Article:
Determine what is going to “take the B”

In her book, Homayoun introduces the concept of “taking the B,” which means deciding which activities and obligations can take a back seat in one’s life. As children grow older, activities that were once minor commitments may start demanding more time and energy, leading to packed schedules that leave little room for rest, reflection and open-ended exploration. “I regularly see students who are in school from 8:30 a.m. to 3 p.m., and then have an activity from 3:30 to 6 p.m., and then need to commute home and complete one to three hours of homework,” wrote Homayoun. This kind of demanding schedule takes a toll on their energy, mood and motivation. It can foster a sense of never doing enough and an unceasing pressure to do more, which, in turn, can erode their self-esteem. Valuable sleep time is often sacrificed as schedules become increasingly packed. “For students, the notion of “taking the B” shouldn’t be about grades or test scores but rather daily and weekly allocation of energy,” wrote Homayoun. 

Parental fears can often shape a student’s schedule, with concerns that reducing extracurricular involvement may limit future opportunities. However, Homayoun emphasizes that the “bigger, better” culture doesn’t necessarily benefit anyone. Rather than encouraging kids to do it all, she urged parents to help them assess their schedules and identify activities that can be scaled back. This doesn’t necessarily mean quitting an activity entirely. For instance, if a student enjoys playing a sport but doesn’t want to commit to it at a high level, they can join a low-commitment recreational league. Reducing a child’s commitments can enable them to experience greater happiness, improved rest and less burnout.

Build conversation skills

Many of the students Homayoun has worked with who have achieved the professional or personal success they aspired to possess strong conversation and small talk skills. “We get stuck in this faulty finish line of college admissions and the test scores and grades. And we think, ‘Oh, well, this kid is getting great grades, then they clearly are doing fine,’ but they don’t have the ability to connect,” she said. Developing better small talk skills can boost a student’s confidence in navigating new social environments that might otherwise feel overwhelming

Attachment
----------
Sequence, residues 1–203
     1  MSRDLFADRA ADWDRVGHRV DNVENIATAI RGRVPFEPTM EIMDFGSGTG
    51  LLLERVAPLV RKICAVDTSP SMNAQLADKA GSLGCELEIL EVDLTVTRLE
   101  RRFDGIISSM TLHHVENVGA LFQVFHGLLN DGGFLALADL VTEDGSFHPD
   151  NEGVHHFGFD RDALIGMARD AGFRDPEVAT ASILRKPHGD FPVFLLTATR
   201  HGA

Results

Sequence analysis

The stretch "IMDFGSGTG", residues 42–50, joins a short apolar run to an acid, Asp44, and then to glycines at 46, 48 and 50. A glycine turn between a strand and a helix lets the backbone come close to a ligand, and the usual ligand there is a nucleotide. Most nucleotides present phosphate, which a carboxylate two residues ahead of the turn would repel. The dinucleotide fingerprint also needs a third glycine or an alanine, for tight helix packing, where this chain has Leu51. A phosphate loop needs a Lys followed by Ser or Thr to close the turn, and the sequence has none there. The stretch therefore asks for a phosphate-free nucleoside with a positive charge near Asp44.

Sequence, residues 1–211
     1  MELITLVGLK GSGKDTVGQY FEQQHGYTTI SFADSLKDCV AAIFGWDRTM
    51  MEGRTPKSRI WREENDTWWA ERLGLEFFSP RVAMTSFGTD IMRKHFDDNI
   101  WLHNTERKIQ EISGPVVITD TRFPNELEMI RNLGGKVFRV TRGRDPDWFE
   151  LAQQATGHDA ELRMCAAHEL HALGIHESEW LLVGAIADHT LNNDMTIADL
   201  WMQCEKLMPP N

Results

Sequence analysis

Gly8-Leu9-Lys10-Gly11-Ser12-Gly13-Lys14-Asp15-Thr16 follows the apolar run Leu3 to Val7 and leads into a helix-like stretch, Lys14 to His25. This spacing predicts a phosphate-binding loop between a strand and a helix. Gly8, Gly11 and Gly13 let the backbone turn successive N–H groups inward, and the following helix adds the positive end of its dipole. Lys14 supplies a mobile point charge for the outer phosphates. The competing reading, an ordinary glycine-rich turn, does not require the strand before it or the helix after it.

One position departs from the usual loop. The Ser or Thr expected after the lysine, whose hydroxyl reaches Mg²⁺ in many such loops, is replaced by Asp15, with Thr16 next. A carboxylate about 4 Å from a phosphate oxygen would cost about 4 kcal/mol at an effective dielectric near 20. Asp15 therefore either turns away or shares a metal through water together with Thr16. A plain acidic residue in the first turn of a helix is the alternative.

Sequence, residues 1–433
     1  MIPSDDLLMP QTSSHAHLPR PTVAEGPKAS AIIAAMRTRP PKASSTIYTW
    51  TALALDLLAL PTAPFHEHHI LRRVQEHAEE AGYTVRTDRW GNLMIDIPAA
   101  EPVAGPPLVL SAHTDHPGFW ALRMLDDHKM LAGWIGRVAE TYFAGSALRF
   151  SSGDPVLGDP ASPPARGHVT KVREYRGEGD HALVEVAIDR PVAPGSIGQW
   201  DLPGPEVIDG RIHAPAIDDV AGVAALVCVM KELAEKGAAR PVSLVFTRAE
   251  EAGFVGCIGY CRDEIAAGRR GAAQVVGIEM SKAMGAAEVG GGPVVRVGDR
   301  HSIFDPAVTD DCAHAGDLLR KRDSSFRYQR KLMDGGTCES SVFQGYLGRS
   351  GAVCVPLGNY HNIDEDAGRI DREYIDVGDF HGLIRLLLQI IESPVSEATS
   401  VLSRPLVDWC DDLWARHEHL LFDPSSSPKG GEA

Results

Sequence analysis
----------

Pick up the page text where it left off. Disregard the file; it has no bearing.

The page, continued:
Homayoun encourages students to engage in conversations with people from different generations, because conversations with peers or family members can be limiting. “A lot of students are like, ‘Oh, I’m talking about college admissions with my classmates.’ And I’m like, ‘Well, none of them have applied to college yet,’ said Homayoun.

For parents who are looking to build their child’s small talk skills, Homayoun suggested making it a game. During gatherings, whether they are family events or neighborhood barbecues, parents can challenge their child to initiate brief conversations with three new people. This practice not only helps in making eye contact, reading nonverbal cues, starting a conversation, asking questions, and wrapping up a conversation effectively but also improves their confidence in social situations.

Summer jobs that involve interacting with the public, like working at a grocery store or lifeguarding at a local pool, can help teenagers build their conversation skills. Additionally, research has shown that the more small conversations and interactions a person engages in, the more likely they are to experience increased happiness, as they establish meaningful connections with others and build a foundation of positive social interactions. 

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There are many soft skills that children can benefit from developing. It may not require parents to add more activities to their schedule; rather, it could just mean fine-tuning their existing interests to help them thrive in the long run.